One Drop At A Time
Landscape Performance Benefits
- Infiltrates or reuses rainwater falling on the site, preventing up to an estimated 85% of the 1-year storm from entering the local municipal stormwater system and eliminating the need for potable water for irrigation.
- Sequesters 140 lbs of carbon annually through prolific uses of native prairie grasses and sedges.
- Educated more than 1,300 visitors through private and public site tours, including 900 visitors during the 2005 Elmhurst Garden Walk, and regular private tours that draw 15-25 people.
- Educated thousands of people worldwide about stormwater management through a website that showcases the various features and provides a narrative about their construction. During peak times, the website had 1,400 visitors and 7,000 pageviews per month.
- Saved approximately $5,400 by using salvaged materials and reusing found materials on-site. This also prevented 8.7 cubic yards of materials from entering a landfill.
At a Glance
de la fleur LLC
Former Land Use
168 Elm Avenue
Elmhurst, Illinois 60126
$10,000 (design pro-bono)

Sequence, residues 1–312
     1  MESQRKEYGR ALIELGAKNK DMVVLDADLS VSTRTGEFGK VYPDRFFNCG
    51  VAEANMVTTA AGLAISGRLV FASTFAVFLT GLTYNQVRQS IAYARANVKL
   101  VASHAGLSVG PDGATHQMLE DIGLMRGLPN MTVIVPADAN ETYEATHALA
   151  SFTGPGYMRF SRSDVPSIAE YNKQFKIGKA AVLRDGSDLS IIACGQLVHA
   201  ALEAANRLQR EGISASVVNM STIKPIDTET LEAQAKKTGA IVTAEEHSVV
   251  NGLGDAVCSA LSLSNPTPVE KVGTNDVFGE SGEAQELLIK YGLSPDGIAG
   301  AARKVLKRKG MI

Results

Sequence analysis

One Drop at a Time was the first residential green roof and stormwater demonstration project in the Chicago suburbs. Designed by a landscape architect who lived on the building’s first floor, the project was a partnership between the designer, the property owner, and local non-profits that provided support and grant funding. These partners replaced a yard comprising a turf lawn and concrete pavement pathways with a range of rainwater and stormwater runoff management features. The self-sufficient, on-site hydrologic regime includes a green roof, permeable pavement, bioswales, rain gardens, rain barrels, and a cistern, which collectively capture rainwater and treat stormwater runoff before it enters local storm sewer drains. One Drop at a Time also features a prairie landscape of native plants, a look which is unique yet compatible with the traditional American lawn aesthetic of the adjacent residential properties. The educational component of the project includes a website, signage, and tours, which have taught thousands about the water cycle and sustainable landscape solutions at the residential scale.